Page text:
By Irena Zabickova
“Do not be conformed to this world, but be transformed by the renewal of your mind, that by testing you may discern what is the will of God, what is good and acceptable and perfect.”—Romans 12:2
Thoughts. So many rush through my mind almost as if they are chasing each other. They seem to be lined up behind some invisible partition eagerly waiting to flood me with what they have to say as soon as they find just a little opening. And for some reason, many of my thoughts tend to be on the negative side, noticing the flaws and lacks in a situation, person, or item.
It has been many years since I first learned about the power of my thoughts and the control they can have over me. I had asked the Lord to help me keep my mind on Him, knowing full well that only with Him can I succeed in the endeavor of changing my thinking pattern. Then I went on to train myself to screen my thoughts as they pop into my mind, trying to discern whether it is one of the “lovely” things to think about. “Finally, brothers, whatever is true, whatever is honorable, whatever is just, whatever is pure, whatever is lovely, whatever is commendable, if there is any excellence, if there is anything worthy of praise, think about these things.”1 If a thought brings something praiseworthy, I dwell on it; if not, I quickly discharge it and let in a positive one instead.
The interesting thing is that no matter how long I am at it, I still seem to catch myself entertaining some less-than-positive thoughts. So it’s something I have to continue working at. No wonder the Bible is full of admonitions to keep our minds and hearts on the Lord, such as, “You shall love the Lord your God with all your heart and with all your soul and with all your mind.”2 Perhaps it is because what is on our minds sooner or later makes it out of our mouths; what we think about, we talk about. Plus our minds are the first place where we talk ourselves out of faith. Thankfully, our mind is also a platform where God can speak to us with His still small voice and talk us into faith again.
Recently, I had been reading about the great escape of the Jews from Egypt and their ensuing eventful trek through the wilderness, filled with the Lord’s obvious signs and miracles. In spite of the clear presence of God, there are many references to their murmuring and grumbling. It seems as if a murmur-punishment-repentance cycle permeates the whole story.
I discovered that when I read this narrative I tend to have one of three reactions to it. When I’m in a place where I’m feeling close to the Lord, I tend to question how they could be so blind to their ungratefulness. If I’m going through a difficult time, and maybe doubting God’s fairness, I almost understand their predisposition and seem to approve of their lack of trust in God’s plan and care. Yet other times I take it as a reminder to be thankful and grateful and to not think and voice negativity.
The other day I got caught with my proverbial pants down. I had started complaining about something, and God exposed it right as I voiced it, and revealed my negativity and lack of faith. Right at the moment when I was fuming about an issue that I hadn’t been looking at from His perspective, God turned the tapestry around and let those who heard my complaints see the perfect design He was working on. I stood there speechless, my feelings having a boxing match inside of me. Which one would win?—Humility and admission of my mistake, or my pride and some logically reasoned-out excuse?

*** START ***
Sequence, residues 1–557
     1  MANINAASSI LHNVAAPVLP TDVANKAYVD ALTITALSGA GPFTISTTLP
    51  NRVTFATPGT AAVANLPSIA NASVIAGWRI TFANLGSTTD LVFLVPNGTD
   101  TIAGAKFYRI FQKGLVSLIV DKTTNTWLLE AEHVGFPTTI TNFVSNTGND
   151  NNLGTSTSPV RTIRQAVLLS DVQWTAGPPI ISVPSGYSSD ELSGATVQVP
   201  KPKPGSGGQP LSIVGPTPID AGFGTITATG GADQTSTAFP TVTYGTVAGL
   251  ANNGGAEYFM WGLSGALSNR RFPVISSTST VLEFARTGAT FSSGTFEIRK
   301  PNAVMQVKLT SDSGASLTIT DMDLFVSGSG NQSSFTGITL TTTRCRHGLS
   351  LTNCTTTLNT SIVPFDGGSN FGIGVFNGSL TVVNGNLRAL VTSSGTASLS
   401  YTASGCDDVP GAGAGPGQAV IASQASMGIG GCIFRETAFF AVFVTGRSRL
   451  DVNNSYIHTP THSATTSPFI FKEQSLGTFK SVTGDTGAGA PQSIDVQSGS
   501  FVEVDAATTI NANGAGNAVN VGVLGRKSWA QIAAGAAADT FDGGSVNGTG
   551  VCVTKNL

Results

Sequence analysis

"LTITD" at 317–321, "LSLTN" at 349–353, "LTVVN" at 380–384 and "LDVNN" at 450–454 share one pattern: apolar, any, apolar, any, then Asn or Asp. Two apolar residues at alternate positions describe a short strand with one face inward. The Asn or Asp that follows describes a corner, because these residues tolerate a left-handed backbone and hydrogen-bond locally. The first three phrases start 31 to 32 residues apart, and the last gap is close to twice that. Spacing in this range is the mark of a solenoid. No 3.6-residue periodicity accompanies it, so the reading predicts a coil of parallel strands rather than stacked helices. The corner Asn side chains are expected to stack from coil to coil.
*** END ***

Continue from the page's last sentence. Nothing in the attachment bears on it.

And then a verse popped into my mind: “Nor grumble, as some of them did and were destroyed by the Destroyer.”3
I wondered if God was trying to prepare me for an upcoming chastisement of some sort, but instead, a sweet soft voice spoke to my mind in answer to my question:
“No. I didn’t remind you of this verse to punish you.”
“So what then? What is the difference between me and the Jews in the wilderness?”
The answer came clear and wrapped in humble love:
“The difference is My death—the fact that I died for your sins long after the wilderness story was over and long before your life on earth began. When I died for you, I provided you with the gift of salvation. I paid for your sins long before they were committed. So now you don’t need to pay for them. I already did. That is the difference. Easter is the difference. Easter was the bill-paying time.
“Unfortunately, many people don’t fully understand that the gift of My death on the cross has paid for their past, present, and future sins. Some people think they are forgiven for what they did in the past but they feel they still need to be punished for their present errors. But I want you to understand that My payment is done, once and for all, and no further payment is needed, all because of Easter.
“So Happy Easter! May it be a reminder of My love. I died for you and was raised victorious from the grave on Easter. Your sins are forgiven, washed clean by My blood, which I freely shed for you!”
“I am writing to you, little children, because your sins are forgiven for his name’s sake.”—1 John 2:12
“For God has not destined us for wrath, but to obtain salvation through our Lord Jesus Christ.”—1 Thessalonians 5:9